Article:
Prep's Alvarado matures into one of the state's best
Published 4:08 pm, Tuesday, June 19, 2012
It's hard to believe that just 12 months ago, Fairfield Prep's Christian Alvarado called himself an `immature runner.'
Yet the rising junior is now considered one of the state's best.
Alvarado closed his sophomore season with a win in the 3,000-meter Steeplechase at the State Open on June 13 in New Britain.
"It was different," Alvarado said. "
The steeplechase win capped Alvarado's breakout sophomore season, where he emerged as Prep's No. 2 cross country runner and second-best distance runner in track for Prep, behind University of Virginia-bound Connor Rog.
"He had a great sophomore season," Prep coach Bob Ford Jr. said of Alvarado. "We knew he was really talented, but it turns out he's real competitive."
Rog was Prep's runner in the 3,200-meter race, resigning Alvarado to the 1,600-meter. But the sophomore still had standout performances, placing third in SCC's, fifth at Class LLs and sixth at the State Open.
Alvarado also qualified as a 1,600 runner for the New England Interscholastic Outdoor Track & Field race on June 9 in Saco, Maine, placing 10th.
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Rog, along with Air Force-bound teammate Patrick Corona, Alvarado and Adam Vare, made up the Jesuits' 4x800-relay team that finished first at SCCs, then second the rest of the outdoor year-- including the school-record 7:50.55 at Class LLs and finishing as the top-Connecticut team at New Englands.
"We had never run together before until SCCs," Alvarado said. "And then at states we set a school record."
Rog had a big influence on Alvarado's progression, especially in his training. Alvarado struggled to stay focused his freshman year.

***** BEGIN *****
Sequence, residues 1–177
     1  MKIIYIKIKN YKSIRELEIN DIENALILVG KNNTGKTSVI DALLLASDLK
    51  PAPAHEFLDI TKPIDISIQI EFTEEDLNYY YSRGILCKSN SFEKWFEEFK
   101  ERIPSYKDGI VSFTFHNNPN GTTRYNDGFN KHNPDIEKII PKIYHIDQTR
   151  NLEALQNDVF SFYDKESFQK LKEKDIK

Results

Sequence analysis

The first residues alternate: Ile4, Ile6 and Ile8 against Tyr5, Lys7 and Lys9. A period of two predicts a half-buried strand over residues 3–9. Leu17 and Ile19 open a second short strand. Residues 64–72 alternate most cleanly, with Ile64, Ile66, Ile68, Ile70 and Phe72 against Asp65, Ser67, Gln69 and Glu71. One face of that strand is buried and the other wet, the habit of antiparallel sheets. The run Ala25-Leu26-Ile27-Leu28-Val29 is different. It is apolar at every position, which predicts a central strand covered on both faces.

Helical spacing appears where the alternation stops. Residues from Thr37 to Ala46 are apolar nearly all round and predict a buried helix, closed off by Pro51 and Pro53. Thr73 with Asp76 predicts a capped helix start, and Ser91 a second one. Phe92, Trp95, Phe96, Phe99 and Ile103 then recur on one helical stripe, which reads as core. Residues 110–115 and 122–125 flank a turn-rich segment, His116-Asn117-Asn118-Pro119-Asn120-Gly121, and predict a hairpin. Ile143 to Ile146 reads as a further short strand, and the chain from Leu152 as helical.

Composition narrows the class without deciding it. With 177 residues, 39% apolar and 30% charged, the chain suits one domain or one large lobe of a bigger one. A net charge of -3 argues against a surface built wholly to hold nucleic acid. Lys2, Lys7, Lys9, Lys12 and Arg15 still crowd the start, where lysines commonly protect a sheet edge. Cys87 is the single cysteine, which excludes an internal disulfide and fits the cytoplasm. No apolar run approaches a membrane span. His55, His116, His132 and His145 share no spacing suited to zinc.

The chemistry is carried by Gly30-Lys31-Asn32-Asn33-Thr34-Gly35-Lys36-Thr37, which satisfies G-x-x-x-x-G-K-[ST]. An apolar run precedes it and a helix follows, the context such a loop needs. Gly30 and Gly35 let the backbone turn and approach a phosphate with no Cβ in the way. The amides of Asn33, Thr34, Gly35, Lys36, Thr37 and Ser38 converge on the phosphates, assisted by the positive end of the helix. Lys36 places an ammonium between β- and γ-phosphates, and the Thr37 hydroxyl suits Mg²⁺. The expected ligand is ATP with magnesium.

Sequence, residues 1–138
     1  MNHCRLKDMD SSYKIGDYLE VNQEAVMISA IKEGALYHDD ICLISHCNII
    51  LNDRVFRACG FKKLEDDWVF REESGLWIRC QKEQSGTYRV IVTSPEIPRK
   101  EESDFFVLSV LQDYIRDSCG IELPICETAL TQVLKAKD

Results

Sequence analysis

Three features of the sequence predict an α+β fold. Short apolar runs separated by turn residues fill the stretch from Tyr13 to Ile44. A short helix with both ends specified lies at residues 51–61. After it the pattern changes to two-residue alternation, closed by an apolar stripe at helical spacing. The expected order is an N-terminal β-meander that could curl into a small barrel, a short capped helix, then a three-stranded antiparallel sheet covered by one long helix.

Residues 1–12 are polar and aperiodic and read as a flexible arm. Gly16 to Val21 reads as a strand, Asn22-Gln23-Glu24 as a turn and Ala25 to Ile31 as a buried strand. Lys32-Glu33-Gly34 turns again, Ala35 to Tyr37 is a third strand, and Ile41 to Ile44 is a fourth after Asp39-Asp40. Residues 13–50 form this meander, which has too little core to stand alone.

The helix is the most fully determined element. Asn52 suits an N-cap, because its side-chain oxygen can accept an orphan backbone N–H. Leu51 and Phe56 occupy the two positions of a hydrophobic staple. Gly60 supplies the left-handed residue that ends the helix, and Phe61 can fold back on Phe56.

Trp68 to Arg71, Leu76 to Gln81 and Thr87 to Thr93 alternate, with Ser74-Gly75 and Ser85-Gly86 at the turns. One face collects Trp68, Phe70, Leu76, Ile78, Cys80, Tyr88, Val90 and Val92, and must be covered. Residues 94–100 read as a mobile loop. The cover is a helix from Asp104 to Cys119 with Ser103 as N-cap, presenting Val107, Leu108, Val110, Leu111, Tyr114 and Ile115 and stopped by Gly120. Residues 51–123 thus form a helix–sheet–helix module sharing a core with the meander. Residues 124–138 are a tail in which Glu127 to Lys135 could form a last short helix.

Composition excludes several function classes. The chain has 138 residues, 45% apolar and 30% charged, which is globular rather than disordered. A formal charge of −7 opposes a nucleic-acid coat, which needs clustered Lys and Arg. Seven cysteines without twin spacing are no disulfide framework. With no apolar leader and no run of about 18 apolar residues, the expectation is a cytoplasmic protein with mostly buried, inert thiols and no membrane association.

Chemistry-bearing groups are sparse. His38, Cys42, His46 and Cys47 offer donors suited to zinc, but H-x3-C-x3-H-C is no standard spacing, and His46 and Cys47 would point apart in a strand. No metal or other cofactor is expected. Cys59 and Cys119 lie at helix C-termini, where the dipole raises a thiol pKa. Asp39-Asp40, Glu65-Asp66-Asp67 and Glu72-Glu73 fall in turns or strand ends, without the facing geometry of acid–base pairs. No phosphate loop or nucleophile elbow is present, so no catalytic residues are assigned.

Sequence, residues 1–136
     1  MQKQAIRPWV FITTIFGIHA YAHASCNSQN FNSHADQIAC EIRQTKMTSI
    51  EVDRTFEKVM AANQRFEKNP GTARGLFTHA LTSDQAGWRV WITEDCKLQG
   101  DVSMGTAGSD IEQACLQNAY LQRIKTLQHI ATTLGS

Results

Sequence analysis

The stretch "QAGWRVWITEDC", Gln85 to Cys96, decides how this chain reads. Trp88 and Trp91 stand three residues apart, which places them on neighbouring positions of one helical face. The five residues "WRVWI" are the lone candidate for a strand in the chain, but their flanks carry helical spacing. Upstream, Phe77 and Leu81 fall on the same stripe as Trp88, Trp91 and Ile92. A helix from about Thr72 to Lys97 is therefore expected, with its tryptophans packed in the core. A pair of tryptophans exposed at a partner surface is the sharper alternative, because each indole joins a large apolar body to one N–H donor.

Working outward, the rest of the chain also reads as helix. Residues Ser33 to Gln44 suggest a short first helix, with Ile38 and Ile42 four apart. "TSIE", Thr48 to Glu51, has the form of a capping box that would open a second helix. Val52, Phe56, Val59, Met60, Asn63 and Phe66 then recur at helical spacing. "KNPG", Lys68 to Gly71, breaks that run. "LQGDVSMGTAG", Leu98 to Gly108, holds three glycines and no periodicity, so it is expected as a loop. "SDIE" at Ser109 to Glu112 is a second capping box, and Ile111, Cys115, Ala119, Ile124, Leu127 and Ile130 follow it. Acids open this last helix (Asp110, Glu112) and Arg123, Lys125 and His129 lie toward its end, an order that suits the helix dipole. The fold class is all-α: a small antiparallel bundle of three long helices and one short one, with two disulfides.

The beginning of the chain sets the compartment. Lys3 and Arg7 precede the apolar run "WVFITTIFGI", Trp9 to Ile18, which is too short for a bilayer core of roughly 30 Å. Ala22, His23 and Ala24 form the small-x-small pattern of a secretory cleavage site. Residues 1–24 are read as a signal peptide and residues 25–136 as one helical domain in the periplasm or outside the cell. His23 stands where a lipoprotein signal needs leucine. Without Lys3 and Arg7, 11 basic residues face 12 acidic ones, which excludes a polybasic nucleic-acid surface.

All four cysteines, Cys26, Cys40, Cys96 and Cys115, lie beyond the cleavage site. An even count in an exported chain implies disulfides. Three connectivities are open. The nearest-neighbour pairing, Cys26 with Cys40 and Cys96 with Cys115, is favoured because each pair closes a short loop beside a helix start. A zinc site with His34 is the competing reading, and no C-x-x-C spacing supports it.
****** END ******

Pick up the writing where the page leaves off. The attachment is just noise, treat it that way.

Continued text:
"Connor pushed me through workouts," Alvarado said. "I was more interested in meets and not practice and I did dumb things during races. My freshman year was a learning experience."
Ford admitted that expecting a freshman to follow a strict regimen would be an unreasonable expectation.
"For a freshman to come right in and focus would be highly unusual," Ford said. "They're going to high school for the first time and he was a kid who decided a week before the cross country season he'd run."
Alvarado admitted this was the case, as he'd chosen running over soccer-- a sport he'd quit in sixth grade -- just days prior to the 2010 fall season.
"Cross country was the easier sport," he said. "You can't jump back into soccer after three years off."
But Ford pointed to Rog, Corona, and the rest of Prep's talented cross country team that fostered a team-oriented environment that grabbed Alvarado.
"Corona has the most positive attitude, and we've held him out to help (Alvarado)," Ford said.
Alvarado shared that sentiment, but also that the troika have credibility.
"They know what it takes to win the Opens," he said.
Ford's father and Prep assistant, Bob Sr., has also developed a special relationship as Alvarado's coach. Ford Sr. even helped Alvarado train for the steeplechase, taking him to Sacred Heart University for a practice day.
Ford Jr. recognizes how valuable Senior has been to Alvarado's progression.
"Dad is a very consistent factor for Christian," Ford Jr. said. "They live about a mile apart and if dad needs help planting bushes, he'll call Christian."
As Rog and Corona depart for college running, Alvarado has prepared himself to take on a leadership role.
"It'll be a big transition, going from the guy who looks up to all the senior to the leader," Alvarado said. "But it is something I look forward to."
Leadership is also Ford expects, especially at cross country.
"You can't have your top-runner not be a leader," Ford said.
As Alvarado prepares for his junior campaign -- a year he hopes will lead to enhanced Division I running opportunities -- he has high expectations as well.
"I want to be top-three in the state in cross country," he said.
Ford Jr. believes these are realistic opportunities, but as long as he keeps working.
"I want him to think big, that's where his goals ought to be," he said. "But if I get a sense that he'll screw around, I'll remind him that there are others around the state working that hard. And he knows it."